27 Dec 2019

Top baby surname reflects New Zealand's changing demographics

4:45 pm on 27 December 2019

Ask someone what the most common surname in New Zealand is and invariably the answer is Smith.

New Plymouth Sikh Society members Jaz Singh (left) and Sunny Singh Grewal.

New Plymouth Sikh Society members Jaz Singh (left) and Sunny Singh Grewal. Photo: RNZ / Robin Martin

But the list of top 10 surnames for babies born in 2019 reveals Smith has been eclipsed, perhaps from an unexpected quarter.

According to the Department of Internal Affairs, the most common surname for babies born in New Zealand last year was Singh.

Smith comes in a close second, while another Indian name Kaur is the third most common, ahead of Wilson, Williams and Brown.

Across the country, the most common Chinese surname for babies born in 2019 was Wang, back in ninth place.

The Registrar-General of Births, Deaths and Marriages, Jeff Montgomery, said Singh's emergence reflected immigration trends.

"So people have been here for a number of years and have become a New Zealand citizen and got a New Zealand passport and what we are seeing here I think is the Indian community is the highest for citizenship and now their names are flowing through into the top surnames across the country."

While Singh dominated overall, it was a different story in the South Island where the top four surnames were Smith, Wilson, Brown and Williams.

Singh and Kaur were in fifth and sixth place respectively.

Montgomery said it showed where migrants had chosen to put down roots.

"It suggests migration patterns and where new migrants tend to settle and we know they tend to settle in the main centres and in particular Auckland. It's simply a reflection of where younger parents who are migrating are settling."

Professor Paul Spoonley

Massey University professor Paul Spoonley Photo: Supplied

Massey University professor Paul Spoonley said the DIA figures reflected the dramatic demographic change occurring in New Zealand.

"Between 2013 and 2018 we've had the largest net inflow of migrants we've ever seen. So 260,000 additional people and what you see in that period is that the largest group in many of the visa categories is Indian and they are coming here under the skilled visa categories and they are coming as families."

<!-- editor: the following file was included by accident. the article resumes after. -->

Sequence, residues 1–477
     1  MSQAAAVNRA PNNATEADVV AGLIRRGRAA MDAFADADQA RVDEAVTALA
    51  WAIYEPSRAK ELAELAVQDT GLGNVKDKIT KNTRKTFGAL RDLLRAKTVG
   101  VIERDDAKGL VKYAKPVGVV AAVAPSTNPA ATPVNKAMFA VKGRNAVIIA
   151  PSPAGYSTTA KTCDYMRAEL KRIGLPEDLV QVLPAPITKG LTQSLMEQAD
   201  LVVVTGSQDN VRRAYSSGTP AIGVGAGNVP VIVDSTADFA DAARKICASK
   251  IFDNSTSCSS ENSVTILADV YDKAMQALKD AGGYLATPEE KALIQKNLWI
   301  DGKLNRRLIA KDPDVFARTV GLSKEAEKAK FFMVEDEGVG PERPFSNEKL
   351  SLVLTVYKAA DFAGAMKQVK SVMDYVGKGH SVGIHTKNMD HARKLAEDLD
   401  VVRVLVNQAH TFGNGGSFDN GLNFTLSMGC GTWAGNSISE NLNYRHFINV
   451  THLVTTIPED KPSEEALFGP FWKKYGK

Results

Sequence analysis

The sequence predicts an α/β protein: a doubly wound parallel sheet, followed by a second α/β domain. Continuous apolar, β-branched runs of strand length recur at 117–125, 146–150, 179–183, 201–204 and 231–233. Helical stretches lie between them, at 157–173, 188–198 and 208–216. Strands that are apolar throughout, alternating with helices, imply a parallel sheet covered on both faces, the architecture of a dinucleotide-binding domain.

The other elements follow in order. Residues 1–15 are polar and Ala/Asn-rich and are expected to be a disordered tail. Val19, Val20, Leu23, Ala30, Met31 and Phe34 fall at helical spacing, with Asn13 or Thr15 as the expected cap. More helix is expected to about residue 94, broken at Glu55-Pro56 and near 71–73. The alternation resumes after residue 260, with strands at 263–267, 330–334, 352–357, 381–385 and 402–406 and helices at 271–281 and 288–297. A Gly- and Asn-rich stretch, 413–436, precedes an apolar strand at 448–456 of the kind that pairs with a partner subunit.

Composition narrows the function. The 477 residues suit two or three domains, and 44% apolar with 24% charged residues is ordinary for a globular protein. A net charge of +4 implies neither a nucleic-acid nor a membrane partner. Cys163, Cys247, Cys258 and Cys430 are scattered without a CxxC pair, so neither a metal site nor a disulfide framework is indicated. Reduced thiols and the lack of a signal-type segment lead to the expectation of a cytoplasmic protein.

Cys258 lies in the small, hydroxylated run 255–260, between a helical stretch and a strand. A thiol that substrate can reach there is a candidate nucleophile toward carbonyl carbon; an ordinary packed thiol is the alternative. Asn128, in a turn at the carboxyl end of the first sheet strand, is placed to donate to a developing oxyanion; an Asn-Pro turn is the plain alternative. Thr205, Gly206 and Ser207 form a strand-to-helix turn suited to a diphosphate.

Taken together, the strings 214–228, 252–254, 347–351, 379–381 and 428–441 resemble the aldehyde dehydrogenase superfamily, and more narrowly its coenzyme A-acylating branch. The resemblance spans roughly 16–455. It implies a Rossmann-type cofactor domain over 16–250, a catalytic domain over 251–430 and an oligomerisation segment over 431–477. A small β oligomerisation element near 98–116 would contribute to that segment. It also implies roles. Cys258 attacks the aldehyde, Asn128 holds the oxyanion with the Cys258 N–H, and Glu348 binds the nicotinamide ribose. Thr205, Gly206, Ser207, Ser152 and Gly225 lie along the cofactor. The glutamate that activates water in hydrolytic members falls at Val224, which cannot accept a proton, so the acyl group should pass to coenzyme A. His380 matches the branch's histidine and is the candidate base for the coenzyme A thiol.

Spoonley said those families were now starting to have their own babies.

He said when you focused on baby surnames in Auckland alone, the city revealed it had its own unique story.

"The first two names are again Indian as you might expect but then you get a whole bunch of Chinese surnames. What is really interesting about the Auckland names is that of the 10 only one of them is not Indian or not Chinese."

No caption

Surnames in Auckland reveal the city's own unique story. Photo: 123rf

New Plymouth Sikh society member Sunny Singh Grewal said the rise of the name Singh had taken him by surprise.

"The first time I heard was when my son told me a couple of weeks back. He said the Singhs are the fastest growing name that he found on the internet for New Zealand. I'm actually totally taken by it which I never imagined 20 years ago."

Grewal said Singh was a common name in the Indian state of Punjab, among Sikhs.

He said it could be traced back to the 10th Sikh spiritual master, Guru Gobind Singh, in the 17th century.

"He basically changed the name. Like all Sikhs must have the name Singh which comes from Sanskrit meaning lion and the Sikh being the warrior. And that's how the name was given to every Sikh boy gets the name Singh."

Grewal said the idea was to throw off the yoke of the caste system and the surname Kaur serves a similar purpose for girls.

He said while he chose to reclaim his caste name and use Singh as a middle name, most Sikhs continued to use Singh as their surname.

Get the RNZ app

for ad-free news and current affairs